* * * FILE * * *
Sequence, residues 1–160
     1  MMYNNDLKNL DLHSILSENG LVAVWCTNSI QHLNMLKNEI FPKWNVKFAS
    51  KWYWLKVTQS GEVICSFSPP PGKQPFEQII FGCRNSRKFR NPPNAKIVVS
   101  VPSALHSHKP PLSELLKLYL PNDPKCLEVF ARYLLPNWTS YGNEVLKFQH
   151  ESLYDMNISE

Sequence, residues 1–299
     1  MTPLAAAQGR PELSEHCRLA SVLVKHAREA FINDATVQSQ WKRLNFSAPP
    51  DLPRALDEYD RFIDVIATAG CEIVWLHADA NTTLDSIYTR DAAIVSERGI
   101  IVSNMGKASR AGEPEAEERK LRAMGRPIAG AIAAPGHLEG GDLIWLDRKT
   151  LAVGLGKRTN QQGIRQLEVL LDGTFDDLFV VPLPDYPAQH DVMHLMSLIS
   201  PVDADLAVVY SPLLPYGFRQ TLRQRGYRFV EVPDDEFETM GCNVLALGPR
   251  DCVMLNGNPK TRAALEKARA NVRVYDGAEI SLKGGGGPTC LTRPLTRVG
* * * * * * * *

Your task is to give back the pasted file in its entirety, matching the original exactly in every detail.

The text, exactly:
Sequence, residues 1–160
     1  MMYNNDLKNL DLHSILSENG LVAVWCTNSI QHLNMLKNEI FPKWNVKFAS
    51  KWYWLKVTQS GEVICSFSPP PGKQPFEQII FGCRNSRKFR NPPNAKIVVS
   101  VPSALHSHKP PLSELLKLYL PNDPKCLEVF ARYLLPNWTS YGNEVLKFQH
   151  ESLYDMNISE

Sequence, residues 1–299
     1  MTPLAAAQGR PELSEHCRLA SVLVKHAREA FINDATVQSQ WKRLNFSAPP
    51  DLPRALDEYD RFIDVIATAG CEIVWLHADA NTTLDSIYTR DAAIVSERGI
   101  IVSNMGKASR AGEPEAEERK LRAMGRPIAG AIAAPGHLEG GDLIWLDRKT
   151  LAVGLGKRTN QQGIRQLEVL LDGTFDDLFV VPLPDYPAQH DVMHLMSLIS
   201  PVDADLAVVY SPLLPYGFRQ TLRQRGYRFV EVPDDEFETM GCNVLALGPR
   251  DCVMLNGNPK TRAALEKARA NVRVYDGAEI SLKGGGGPTC LTRPLTRVG